-Give back some of the 1200 parking spaces taken out of use in the past several years.

 

-Close some bike paths and Bixi stations if necessary to do it. 400,000 people come downtown every day. Only 25,000 use the bike paths, when weather permits. And the Bixi is a money loser for Montreal and every other city that bought it.

 

-Drop the parking meter rate and extend the one-time drop time to three hours from the current two. Let people have some time to spend in movies, restaurants and stores. The meters are the number one complaint of merchants.

 

-In order to give some relief to small business owners who produce 80% of new jobs, start reducing their taxes and expand and broaden the tax base by allowing air rights for more real estate development.

 

-Rein in the Comités consultative des quartiers that are crushing development. Give them limited parameters and limit the time in which they have to make decisions. Money doesn`t hang around waiting for kumbaya circles.

 

-Negotiate an exemption from the provincial no-smoking law to allow smoking-only establishments. Restaurants and bars have seen a 20-25% drop off in clientele since the law went into effect. Study after study show that smokers spend more. This is not a suggestion to return to smoking areas. This is a suggestion to respect freedom of commerce and property. Businesspeople know that 75% of the population does not smoke. But let them decide to make the business decision to cater to that part that does. It will immediately see a rise in revenues and taxes to the city and province.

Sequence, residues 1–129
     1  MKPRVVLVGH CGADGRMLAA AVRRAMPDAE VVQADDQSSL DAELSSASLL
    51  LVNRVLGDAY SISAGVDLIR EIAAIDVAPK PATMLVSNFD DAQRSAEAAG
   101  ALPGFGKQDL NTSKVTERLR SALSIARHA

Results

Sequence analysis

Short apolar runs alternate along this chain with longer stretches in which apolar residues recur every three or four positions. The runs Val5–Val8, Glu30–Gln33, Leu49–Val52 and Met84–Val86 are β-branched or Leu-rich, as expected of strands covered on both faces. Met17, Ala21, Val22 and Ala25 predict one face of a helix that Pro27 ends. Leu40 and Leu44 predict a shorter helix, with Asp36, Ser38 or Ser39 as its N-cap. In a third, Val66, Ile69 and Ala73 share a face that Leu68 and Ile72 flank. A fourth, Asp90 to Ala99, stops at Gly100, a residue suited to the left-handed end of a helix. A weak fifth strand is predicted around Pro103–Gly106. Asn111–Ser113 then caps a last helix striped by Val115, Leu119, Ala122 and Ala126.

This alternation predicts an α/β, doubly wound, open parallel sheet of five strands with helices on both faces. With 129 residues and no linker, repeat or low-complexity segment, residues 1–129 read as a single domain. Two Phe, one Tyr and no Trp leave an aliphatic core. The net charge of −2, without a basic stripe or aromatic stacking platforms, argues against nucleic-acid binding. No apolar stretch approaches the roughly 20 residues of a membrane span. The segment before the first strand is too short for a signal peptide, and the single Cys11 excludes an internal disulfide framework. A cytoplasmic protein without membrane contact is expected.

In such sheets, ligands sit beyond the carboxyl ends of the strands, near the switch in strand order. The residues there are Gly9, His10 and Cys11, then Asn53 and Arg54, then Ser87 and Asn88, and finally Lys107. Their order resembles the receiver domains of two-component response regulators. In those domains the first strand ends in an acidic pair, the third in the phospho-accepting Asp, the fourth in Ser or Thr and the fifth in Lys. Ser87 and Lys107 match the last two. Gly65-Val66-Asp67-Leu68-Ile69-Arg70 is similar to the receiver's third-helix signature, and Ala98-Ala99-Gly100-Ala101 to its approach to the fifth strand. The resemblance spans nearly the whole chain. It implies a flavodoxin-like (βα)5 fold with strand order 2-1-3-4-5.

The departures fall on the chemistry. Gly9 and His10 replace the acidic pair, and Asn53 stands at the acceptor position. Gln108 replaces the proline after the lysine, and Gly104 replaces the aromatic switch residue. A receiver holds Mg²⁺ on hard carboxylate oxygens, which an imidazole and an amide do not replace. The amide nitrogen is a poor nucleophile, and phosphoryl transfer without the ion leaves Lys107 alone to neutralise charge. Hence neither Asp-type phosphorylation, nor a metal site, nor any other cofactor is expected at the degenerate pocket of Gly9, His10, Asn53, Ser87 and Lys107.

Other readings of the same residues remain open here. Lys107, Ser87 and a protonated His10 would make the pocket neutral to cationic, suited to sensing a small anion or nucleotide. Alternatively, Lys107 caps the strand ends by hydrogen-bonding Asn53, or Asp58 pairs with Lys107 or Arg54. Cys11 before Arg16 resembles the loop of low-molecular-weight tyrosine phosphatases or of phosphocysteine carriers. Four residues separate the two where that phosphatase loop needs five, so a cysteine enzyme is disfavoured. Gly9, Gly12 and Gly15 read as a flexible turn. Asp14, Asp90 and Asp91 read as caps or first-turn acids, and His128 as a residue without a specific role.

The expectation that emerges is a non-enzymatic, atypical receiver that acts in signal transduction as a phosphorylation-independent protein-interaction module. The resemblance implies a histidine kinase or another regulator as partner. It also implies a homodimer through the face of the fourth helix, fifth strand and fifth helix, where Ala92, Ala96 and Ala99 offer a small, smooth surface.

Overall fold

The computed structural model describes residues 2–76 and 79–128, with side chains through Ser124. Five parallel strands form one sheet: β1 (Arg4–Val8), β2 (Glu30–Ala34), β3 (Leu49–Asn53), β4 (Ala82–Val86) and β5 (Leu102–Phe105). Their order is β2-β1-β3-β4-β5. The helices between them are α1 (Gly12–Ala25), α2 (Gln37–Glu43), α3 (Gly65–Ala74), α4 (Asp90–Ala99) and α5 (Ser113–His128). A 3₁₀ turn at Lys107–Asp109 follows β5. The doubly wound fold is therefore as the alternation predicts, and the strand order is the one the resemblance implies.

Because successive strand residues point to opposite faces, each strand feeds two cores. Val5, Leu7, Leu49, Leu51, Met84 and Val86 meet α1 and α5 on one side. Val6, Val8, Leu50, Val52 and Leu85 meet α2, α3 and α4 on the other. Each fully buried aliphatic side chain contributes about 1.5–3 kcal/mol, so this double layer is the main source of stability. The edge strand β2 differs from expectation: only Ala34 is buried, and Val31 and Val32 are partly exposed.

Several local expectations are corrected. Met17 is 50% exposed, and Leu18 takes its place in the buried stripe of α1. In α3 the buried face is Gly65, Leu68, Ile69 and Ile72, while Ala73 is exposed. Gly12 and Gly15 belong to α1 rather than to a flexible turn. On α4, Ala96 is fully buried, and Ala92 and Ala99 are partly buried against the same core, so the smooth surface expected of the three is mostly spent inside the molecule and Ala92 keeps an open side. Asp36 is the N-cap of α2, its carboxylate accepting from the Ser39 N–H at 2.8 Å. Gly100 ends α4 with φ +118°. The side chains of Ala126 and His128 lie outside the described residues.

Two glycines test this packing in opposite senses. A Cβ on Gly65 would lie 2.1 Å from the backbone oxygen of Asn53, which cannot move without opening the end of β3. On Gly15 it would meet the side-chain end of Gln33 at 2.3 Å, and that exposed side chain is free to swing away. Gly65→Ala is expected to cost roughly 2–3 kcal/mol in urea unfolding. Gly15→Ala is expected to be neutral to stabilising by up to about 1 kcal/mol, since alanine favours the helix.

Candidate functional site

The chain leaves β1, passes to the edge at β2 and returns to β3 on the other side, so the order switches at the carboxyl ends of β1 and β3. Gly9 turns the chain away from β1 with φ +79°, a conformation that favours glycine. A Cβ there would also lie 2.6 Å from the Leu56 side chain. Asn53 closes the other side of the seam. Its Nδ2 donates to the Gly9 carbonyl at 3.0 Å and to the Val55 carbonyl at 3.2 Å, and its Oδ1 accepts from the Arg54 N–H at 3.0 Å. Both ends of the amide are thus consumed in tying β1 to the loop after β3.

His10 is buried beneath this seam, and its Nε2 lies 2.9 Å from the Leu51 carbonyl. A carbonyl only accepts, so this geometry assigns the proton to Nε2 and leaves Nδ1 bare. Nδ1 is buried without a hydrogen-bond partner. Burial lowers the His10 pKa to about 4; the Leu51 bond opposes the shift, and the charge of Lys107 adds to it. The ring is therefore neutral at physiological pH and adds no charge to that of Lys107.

-Negotiate a deal with the federal government that a percentage of the bridge tolls be given to the city to be used for infrastructure and public transit improvements that will make traffic circulation easier in the downtown core.

 

-Get special status from Quebec for Montreal that includes exemptions from the language laws for foreign executives and investors.

 

-Make sure Montreal city hall is de facto bilingual in that citizens and businesses don't have to jump through hoops to get information in English.

 

That`s our top nine for a start. It`s not a panacea, but it will stop the suffocation and bring business and spenders back. The motor of our economic engine needs an oil change. Assez cèst assez!

 

http://www.thesuburban.com/opinion/editorials/how-to-fix-downtown-montreal/article_2d4db1e8-a016-5398-a50a-8236c3bd62a5.html